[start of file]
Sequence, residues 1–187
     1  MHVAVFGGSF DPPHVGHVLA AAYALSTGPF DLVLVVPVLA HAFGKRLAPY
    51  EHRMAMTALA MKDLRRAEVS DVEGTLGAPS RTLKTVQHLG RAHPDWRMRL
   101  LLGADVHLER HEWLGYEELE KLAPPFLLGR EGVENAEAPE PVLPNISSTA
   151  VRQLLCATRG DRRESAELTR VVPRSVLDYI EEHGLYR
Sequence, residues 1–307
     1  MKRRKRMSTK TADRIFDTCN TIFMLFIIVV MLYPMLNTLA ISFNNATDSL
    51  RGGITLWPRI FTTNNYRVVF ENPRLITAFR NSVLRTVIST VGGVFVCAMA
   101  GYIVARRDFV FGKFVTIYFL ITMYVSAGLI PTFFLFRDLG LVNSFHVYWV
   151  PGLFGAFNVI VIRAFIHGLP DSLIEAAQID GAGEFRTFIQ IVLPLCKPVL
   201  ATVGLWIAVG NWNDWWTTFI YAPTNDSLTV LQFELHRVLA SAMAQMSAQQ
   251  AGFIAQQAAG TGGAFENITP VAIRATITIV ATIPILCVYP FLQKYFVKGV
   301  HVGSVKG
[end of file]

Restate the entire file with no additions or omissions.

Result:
Sequence, residues 1–187
     1  MHVAVFGGSF DPPHVGHVLA AAYALSTGPF DLVLVVPVLA HAFGKRLAPY
    51  EHRMAMTALA MKDLRRAEVS DVEGTLGAPS RTLKTVQHLG RAHPDWRMRL
   101  LLGADVHLER HEWLGYEELE KLAPPFLLGR EGVENAEAPE PVLPNISSTA
   151  VRQLLCATRG DRRESAELTR VVPRSVLDYI EEHGLYR
Sequence, residues 1–307
     1  MKRRKRMSTK TADRIFDTCN TIFMLFIIVV MLYPMLNTLA ISFNNATDSL
    51  RGGITLWPRI FTTNNYRVVF ENPRLITAFR NSVLRTVIST VGGVFVCAMA
   101  GYIVARRDFV FGKFVTIYFL ITMYVSAGLI PTFFLFRDLG LVNSFHVYWV
   151  PGLFGAFNVI VIRAFIHGLP DSLIEAAQID GAGEFRTFIQ IVLPLCKPVL
   201  ATVGLWIAVG NWNDWWTTFI YAPTNDSLTV LQFELHRVLA SAMAQMSAQQ
   251  AGFIAQQAAG TGGAFENITP VAIRATITIV ATIPILCVYP FLQKYFVKGV
   301  HVGSVKG